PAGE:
Home News Why Israel matters: A conversation about the National Library of Israel with Raquel Ukeles

Why Israel matters: A conversation about the National Library of Israel with Raquel Ukeles

by News7

No one ever asks, “Why should India exist?” Or Albania. Or the United States. Or any country in the world.

Except for one country: Israel.

So, let me make this simple — and overly simplistic. Why does Israel exist? Here are my two R’s of Israel.

To rescue Jews who are persecuted. To save Jews from Jew-hatred. That was the wake-up call that Viennese journalist Theodor Herzl experienced during the trial of Alfred Dreyfus for treason in France in the early 1890s. He saw the mobs in the streets calling for death to the Jews. It caused him to sing a much earlier version of The Animals’ classic song “We Gotta Get Out Of This Place.” That urge became political Zionism. (How wonderful that we no longer have mobs in the streets chanting “Death to the Jews!” Oh. Wait. … )
The second reason is resurrection — of the Hebrew language, of Jewish culture and of Judaism itself. That, roughly speaking, is the cultural Zionism of Ahad Ha’Am.

How are those two R’s doing?

On the one hand, Oct. 7 showed that rescue, a crucial aspect of Zionism, was deeply flawed. Israel and its most fundamental institutions did not keep its people safe.

On the other hand, here is the good news. Since that terrible day, 2,600 people have made aliyah to Israel  — a dramatic increase in immigration to Israel.

That second R —resurrection — is speaking very loudly to me.

Why? Because Israel is the repository of Jewish culture in the world.

This brings us to one of the most spectacular institutions in Israel: the National Library of Israel. Founded in Jerusalem in 1892, it is the institution of national memory for the Jewish people worldwide and Israelis of all backgrounds and faiths. NLI holds the world’s largest collections of Jewish texts, Jewish and Israeli music, rare books, photographs, communal and personal archival materials, and maps of Jerusalem and Israel.

The new National Library of Israel complex, foreground, Dec. 11, 2023, in Jerusalem. (Photo by Chezki Mozes – Ein Hanetz/Wikimedia/Creative Commons)

Its new building in Jerusalem — breathtaking, by the way — just opened its doors.

When did that happen? On Oct. 29 — several weeks after the horrors of Oct. 7.

Listen to the podcast, as I interview Rachel Ukeles, chief editor of the new catalog of some of the richest of the library’s holdings: “101 Treasures From the National Library of Israel.” Ukeles serves as the library’s head of collections. She earned a Ph.D. from Harvard in comparative Islamic and Jewish studies. She also studied Jewish law in Jerusalem and New York, and Islamic law and Arabic in Egypt, Morocco and the Netherlands.

Here is what you will learn.

The National Library of Israel is not a “Jewish” library.

Quite the contrary: It is an institution that cherishes and celebrates all aspects of Israeli society. One of its major collections is of Islam and the Middle East.

The library reaches way beyond Israel. it sees itself as a guardian of global cultural heritage, dedicated to democratizing knowledge, advancing education, promoting research and fostering dialogue. Its collection spans over 200 languages.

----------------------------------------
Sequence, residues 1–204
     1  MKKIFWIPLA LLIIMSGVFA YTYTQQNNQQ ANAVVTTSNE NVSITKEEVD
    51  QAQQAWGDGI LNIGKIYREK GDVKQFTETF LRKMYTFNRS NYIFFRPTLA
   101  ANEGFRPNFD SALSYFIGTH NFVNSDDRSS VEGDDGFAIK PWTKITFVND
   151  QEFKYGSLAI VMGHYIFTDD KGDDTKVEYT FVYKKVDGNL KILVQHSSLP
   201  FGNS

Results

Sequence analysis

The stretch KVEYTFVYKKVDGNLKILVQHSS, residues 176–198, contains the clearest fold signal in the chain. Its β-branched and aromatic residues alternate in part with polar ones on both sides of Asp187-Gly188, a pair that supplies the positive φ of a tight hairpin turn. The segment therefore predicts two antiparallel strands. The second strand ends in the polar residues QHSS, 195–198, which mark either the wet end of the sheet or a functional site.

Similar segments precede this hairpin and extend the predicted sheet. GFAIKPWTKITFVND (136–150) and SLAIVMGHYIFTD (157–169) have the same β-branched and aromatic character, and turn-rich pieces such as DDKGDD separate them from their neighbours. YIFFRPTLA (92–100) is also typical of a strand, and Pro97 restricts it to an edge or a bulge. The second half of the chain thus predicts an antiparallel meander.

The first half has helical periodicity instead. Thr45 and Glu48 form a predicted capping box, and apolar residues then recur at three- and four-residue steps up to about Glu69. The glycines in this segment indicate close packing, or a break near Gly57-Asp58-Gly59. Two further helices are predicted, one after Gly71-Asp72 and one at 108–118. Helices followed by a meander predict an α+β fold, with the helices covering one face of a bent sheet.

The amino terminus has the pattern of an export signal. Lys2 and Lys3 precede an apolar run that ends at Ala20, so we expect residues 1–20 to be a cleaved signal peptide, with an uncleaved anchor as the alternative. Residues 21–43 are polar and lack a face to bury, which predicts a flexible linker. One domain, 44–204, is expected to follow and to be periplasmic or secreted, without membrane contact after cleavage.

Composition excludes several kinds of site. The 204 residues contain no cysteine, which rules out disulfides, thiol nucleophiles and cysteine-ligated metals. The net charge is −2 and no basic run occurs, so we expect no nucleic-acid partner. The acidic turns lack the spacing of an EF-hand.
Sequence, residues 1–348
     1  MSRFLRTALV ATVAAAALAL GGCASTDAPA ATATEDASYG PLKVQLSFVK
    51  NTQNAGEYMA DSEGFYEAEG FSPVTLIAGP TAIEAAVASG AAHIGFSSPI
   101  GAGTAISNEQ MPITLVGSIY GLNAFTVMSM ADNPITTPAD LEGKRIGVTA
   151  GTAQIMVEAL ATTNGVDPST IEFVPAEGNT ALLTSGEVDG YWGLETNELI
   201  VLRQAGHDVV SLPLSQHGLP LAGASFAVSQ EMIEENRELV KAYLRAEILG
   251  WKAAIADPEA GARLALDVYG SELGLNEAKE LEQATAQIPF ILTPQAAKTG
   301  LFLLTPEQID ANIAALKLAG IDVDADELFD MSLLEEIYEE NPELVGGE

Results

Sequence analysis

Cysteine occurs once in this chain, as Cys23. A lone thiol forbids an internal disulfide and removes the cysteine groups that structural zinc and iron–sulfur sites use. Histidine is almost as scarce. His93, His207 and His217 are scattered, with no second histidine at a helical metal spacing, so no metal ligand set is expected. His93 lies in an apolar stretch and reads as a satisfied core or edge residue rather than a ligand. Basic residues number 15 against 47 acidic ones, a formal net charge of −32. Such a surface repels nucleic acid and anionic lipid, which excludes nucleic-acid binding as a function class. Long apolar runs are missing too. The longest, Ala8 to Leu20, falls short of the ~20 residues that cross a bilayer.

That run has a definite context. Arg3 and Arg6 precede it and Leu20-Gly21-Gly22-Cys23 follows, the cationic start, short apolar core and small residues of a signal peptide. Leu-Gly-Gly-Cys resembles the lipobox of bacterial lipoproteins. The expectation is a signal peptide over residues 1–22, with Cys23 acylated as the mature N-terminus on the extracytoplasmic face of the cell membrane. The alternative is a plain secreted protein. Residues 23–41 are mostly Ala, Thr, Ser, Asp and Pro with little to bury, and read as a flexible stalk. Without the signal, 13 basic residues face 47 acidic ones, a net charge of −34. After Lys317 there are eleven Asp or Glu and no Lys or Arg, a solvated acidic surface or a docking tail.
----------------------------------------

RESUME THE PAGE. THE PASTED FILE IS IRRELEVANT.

What would you find in their collections? I totally geeked out over this stuff.

Handwritten works by Maimonides and Sir Isaac Newton.
Exquisite Islamic manuscripts, dating back to the ninth century.
The personal archives of leading cultural and intellectual figures, including Martin Buber, Natan Sharansky, Hannah Szenes and Franz Kafka.
A pre-modern feminist blessing, from a 1480 Italian prayer book. It was the work of Abraham ben Mordecai Farissol, who wrote three prayer books for women. There is a traditional blessing, in which men thank God “for not making me a woman.” He changed that, so that women could thank God for “having made me a woman and not a man.”
The original music of “Yerushalayim Shel Zahav” (Jerusalem of Gold) by Naomi Shemer — the most iconic popular song in the history of Israel. Check out this version by the rock band Phish.
Ancient Babylonian demon traps (!).

A Christian “Book of Hours,” describing a certain kind of Christian spiritual contemplation.

The library enshrines how Jews understand the world. Yes, we begin with our people; yes, our people are rooted in our land; yes, we share the land with other peoples — and then we ascend to a universal sense of what the best of the humanities can offer.

On Oct. 7, despite the air raids, workers hurried to the new building to move priceless library treasures to safekeeping — items that had been, over weeks, painstakingly placed in the exhibition galleries.

On Oct. 29, about 100 people stood together and said the “Shehecheyanu,” the Jewish blessing of appreciation for an auspicious occasion.

That would be good enough. But the library sees itself as part of the healing that is necessary at this time.

It is offering free tours and programming for people evacuated from the northern and southern border.
On Nov. 5, the library set up a temporary school for displaced teenagers from Israel’s south and north.
It started a letter-writing campaign for children outside Israel, for distribution to soldiers and families. They have already received and delivered more than 600 letters and drawings.

The library’s opening is a fist it shook in the face of Hamas and the world. It was saying: This — and not just the Israel Defense Forces — constitutes the Israel that we need to defend.

As I went through “101 Treasures From the National Library of Israel,” page by page, I wept.

Because this is the Israel that relatively few people, even Jews, know — and this is the Israel that our enemies want to destroy.

Not on my watch.

Source : ReligionNews

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